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Gulf markets subdued as oil fails to rally after cuts

UAE's oil minister Suhail Mohamed Al Mazrouei. Exporters' output cuts now amount to 5 million bpd, equating to 5% of global output Reuters/Leonhard Foeger
UAE oil minister Suhail Mohamed Al Mazrouei. Exporters' output cuts now amount to 5 million bpd, equating to 5% of global output
  • Oil prices held back by ‘excessive gloom’ over global economy
  • Dubai only bright spot among Gulf stock markets
  • Possibility of further US interest rate rises clouding picture

Oil prices were little changed on Thursday as fears of a global economic slowdown overshadowed tighter crude supply following extended output cuts announced by top exporters Saudi Arabia and Russia earlier this week.

The total cuts now stand at more than 5 million barrels per day (bpd), equating to 5 percent of worldwide oil output.

Brent crude futures edged 4 cents lower to $76.62 a barrel by 12:15 GMT after a 0.5 percent gain the previous day.

US West Texas Intermediate crude strengthened by 4 cents to $71.83 after rising by 2.9 percent on Wednesday.

Global markets have been rattled further by a warning from the US Federal Reserve of more interest rate rises after last month’s pause.

Most stock markets in the Gulf states, whose currencies are pegged to the US dollar, closed lower on Thursday.

In Abu Dhabi, the index eased by 0.2 percent. The Qatari index ended 0.3 percent lower.

Saudi Arabia’s benchmark index, the TASI, reversed early losses to finish 0.1 percent higher after dropping 0.3 percent in early trading.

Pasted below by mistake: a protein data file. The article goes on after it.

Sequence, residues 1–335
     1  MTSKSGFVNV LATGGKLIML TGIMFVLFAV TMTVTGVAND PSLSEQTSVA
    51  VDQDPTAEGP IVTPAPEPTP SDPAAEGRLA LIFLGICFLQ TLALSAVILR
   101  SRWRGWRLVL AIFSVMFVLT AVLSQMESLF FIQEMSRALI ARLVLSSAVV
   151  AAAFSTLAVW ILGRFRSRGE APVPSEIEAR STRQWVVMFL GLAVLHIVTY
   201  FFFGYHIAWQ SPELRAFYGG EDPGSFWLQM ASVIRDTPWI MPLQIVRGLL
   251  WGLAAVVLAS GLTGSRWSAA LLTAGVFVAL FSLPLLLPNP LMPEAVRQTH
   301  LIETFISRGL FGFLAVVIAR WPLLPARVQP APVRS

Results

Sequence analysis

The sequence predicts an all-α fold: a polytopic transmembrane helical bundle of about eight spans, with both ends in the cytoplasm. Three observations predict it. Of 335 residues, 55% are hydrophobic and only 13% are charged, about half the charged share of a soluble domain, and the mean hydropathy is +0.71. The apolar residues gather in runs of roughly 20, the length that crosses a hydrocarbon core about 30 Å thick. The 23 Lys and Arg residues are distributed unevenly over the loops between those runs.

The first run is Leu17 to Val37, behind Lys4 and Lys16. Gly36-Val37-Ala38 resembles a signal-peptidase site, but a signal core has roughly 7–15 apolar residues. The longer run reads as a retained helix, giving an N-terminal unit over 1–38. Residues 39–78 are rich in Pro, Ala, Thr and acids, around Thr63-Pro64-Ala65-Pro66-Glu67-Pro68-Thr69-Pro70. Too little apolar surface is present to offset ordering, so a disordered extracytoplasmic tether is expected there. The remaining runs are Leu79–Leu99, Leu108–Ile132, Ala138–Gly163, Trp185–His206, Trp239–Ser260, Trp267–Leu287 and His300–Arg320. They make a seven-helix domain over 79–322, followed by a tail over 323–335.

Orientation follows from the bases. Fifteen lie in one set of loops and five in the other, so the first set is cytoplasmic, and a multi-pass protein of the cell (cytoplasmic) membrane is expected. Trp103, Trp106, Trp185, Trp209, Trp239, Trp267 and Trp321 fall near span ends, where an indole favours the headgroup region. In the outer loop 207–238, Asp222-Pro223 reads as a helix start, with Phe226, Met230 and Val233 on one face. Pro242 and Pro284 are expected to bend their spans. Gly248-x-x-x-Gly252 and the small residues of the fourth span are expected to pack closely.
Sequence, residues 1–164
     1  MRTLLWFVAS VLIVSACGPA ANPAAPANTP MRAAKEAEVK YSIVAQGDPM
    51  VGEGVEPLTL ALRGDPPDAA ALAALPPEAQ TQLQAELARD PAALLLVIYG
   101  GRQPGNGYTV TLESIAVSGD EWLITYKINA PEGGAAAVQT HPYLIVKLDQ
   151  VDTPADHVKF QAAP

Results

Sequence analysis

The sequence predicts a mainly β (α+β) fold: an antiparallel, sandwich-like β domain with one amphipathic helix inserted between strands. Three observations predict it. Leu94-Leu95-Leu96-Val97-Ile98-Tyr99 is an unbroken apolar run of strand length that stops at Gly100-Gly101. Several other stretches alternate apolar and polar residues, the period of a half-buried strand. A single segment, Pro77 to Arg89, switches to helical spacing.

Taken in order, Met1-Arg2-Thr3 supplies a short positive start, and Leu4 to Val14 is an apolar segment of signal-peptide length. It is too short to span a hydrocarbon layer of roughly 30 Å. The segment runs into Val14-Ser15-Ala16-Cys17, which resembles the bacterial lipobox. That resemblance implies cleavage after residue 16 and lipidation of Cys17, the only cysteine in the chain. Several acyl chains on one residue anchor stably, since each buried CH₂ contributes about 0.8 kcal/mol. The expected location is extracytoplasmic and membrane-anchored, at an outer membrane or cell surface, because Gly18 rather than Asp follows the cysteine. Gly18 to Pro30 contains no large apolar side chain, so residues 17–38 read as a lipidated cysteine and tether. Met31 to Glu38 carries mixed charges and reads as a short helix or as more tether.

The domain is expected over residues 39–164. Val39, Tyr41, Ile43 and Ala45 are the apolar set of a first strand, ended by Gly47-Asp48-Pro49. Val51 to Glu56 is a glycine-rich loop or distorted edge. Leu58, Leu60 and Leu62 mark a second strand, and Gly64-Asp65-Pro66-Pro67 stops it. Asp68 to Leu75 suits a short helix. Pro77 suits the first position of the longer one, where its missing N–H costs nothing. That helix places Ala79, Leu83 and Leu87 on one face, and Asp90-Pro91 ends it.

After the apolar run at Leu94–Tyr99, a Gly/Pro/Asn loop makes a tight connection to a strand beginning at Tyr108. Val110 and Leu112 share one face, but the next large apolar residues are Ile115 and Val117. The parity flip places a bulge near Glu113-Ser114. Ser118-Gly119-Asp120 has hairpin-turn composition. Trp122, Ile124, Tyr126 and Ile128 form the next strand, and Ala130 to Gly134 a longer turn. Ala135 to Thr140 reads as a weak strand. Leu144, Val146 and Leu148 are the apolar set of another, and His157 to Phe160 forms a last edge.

Dubai’s main share index, the DFM, was a rare bright spot, advancing 1 percent.

Despite the current headwinds, some industry experts expect oil prices to strengthen.

James Reeve, chief economist at Jadwa, told AGBI he expected the market to tighten during the rest of 2023 and prices to rise.

“I think prices are being held back by excessive gloom about the global economy and the impact that this will have on demand,” he said.

“There has been a lot of focus on China’s underwhelming post-Covid recovery, but China is not the only game in town.

“India’s appetite for crude oil is very strong and growing, while industrial activity in Malaysia, Indonesia, Philippines and Vietnam is also pretty healthy.

“Japan too is on an upswing. And the chances of a US recession are not exactly hard and fast.”

Reeve also noted that, on the supply side, the rig count in the US shale space continues to contract. He said this suggested that US output growth will at least soften, if not go into reverse soon.

Saudi’s voluntary oil output cut extension of one million bpd into August can be extended further, noted a report from the state-run Saudi Press Agency published on Monday.

“Saudi Arabia has clearly signalled that it aims to support prices by withholding output if it sees demand flagging,” Reeve said.

“I see no reason why this policy would suddenly be jettisoned.

“So, if the US were to slip into recession, for example, then the kingdom might make additional cuts.”

Opec is expected to publish its first demand forecast for 2024 in its monthly report on July 13.

Three sources close to Opec told Reuters that while demand growth was likely to slow down, it would not be as severe as the IEA predicted and growth will likely be between 1 million bpd and 2 million bpd.

“On balance, I would expect Brent to average around $80 per barrel next year, a little less than the $82 per barrel we expect in 2023,” Reeve said.

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